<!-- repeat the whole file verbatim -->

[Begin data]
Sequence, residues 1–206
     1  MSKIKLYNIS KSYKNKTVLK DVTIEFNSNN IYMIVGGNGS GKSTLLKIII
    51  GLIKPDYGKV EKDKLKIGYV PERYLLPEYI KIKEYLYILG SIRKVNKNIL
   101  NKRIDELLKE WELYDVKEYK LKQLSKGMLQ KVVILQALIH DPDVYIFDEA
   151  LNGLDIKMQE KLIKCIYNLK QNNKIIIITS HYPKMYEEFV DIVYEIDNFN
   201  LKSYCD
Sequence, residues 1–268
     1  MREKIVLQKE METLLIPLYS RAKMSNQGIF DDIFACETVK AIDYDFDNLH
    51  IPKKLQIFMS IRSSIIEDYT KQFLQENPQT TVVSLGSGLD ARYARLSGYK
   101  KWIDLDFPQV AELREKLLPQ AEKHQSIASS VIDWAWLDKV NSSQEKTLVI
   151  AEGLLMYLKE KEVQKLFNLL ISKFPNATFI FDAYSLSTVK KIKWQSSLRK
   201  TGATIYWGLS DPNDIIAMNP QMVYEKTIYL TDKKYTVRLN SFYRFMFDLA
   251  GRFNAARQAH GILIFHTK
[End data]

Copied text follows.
Sequence, residues 1–206
     1  MSKIKLYNIS KSYKNKTVLK DVTIEFNSNN IYMIVGGNGS GKSTLLKIII
    51  GLIKPDYGKV EKDKLKIGYV PERYLLPEYI KIKEYLYILG SIRKVNKNIL
   101  NKRIDELLKE WELYDVKEYK LKQLSKGMLQ KVVILQALIH DPDVYIFDEA
   151  LNGLDIKMQE KLIKCIYNLK QNNKIIIITS HYPKMYEEFV DIVYEIDNFN
   201  LKSYCD
Sequence, residues 1–268
     1  MREKIVLQKE METLLIPLYS RAKMSNQGIF DDIFACETVK AIDYDFDNLH
    51  IPKKLQIFMS IRSSIIEDYT KQFLQENPQT TVVSLGSGLD ARYARLSGYK
   101  KWIDLDFPQV AELREKLLPQ AEKHQSIASS VIDWAWLDKV NSSQEKTLVI
   151  AEGLLMYLKE KEVQKLFNLL ISKFPNATFI FDAYSLSTVK KIKWQSSLRK
   201  TGATIYWGLS DPNDIIAMNP QMVYEKTIYL TDKKYTVRLN SFYRFMFDLA
   251  GRFNAARQAH GILIFHTK